Money As Debt, This Is How Money Is Created

Money as debt! This is the way Money is created. That fact has triggered countless issues at the social, political, economic and environmental level among others.

 

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The cancer that is eating up entire nations is called 'DEBT'.


What Does Money As A Debt Imply?


Under the current monetary system, money is created by the private banks at the time when somebody is granted a loan (see 'How is Money Created'). Consequently, the debtor said a person, business, government instance or nation has to pay interest on it to its creators.

And to make things even worse, the applied interest is in most cases compound; in other words, the debtor has to pay interest on owed interest, making such debt to grow exponentially. For instance, between 1980 and 2012 the U.S. public debt has quadrupled!. (see 'The Rule of 72')!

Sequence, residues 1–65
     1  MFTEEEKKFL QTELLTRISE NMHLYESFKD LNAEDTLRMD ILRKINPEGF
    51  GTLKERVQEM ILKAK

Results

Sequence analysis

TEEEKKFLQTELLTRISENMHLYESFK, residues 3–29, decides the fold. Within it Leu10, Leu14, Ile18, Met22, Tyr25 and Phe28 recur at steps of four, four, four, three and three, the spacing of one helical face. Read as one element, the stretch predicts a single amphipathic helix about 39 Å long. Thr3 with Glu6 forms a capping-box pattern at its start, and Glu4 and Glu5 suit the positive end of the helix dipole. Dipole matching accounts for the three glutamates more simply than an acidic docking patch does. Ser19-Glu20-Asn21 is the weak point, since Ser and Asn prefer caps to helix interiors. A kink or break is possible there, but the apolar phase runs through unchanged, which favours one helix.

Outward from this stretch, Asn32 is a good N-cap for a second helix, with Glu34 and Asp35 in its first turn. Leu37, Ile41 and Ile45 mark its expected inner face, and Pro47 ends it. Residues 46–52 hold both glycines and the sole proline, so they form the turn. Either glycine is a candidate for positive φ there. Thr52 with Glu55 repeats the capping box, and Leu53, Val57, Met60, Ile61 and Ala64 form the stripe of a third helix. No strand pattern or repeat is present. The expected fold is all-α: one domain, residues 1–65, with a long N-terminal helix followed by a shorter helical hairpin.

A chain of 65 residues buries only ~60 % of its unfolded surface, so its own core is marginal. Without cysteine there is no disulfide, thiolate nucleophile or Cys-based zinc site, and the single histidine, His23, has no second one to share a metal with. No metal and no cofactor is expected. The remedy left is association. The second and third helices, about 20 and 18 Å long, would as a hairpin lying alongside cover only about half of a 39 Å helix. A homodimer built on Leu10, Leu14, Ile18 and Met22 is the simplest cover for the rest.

Aren’t Loans Coming From 'Old' Money (money that other people have previously deposited into their bank accounts)?


No. The monetary system has a mechanism called 'Fractional Reserve Banking' under which banks are allowed to generate 'new' money 'out-of-the-thin-air' (also called 'Fiat Currency'), provided that they keep a portion of it in their vaults as a 'reserve'.


Is 'Money As Debt' Created as 'Fiat Currency'? Does It Mean That People, Businesses, Nations Alike Have To Pay Interest To Private Banks On Such Money?


Yes, that is correct!


As A Public Function, Isn’t A Public Bank The One Creating Money On Behalf Of Society?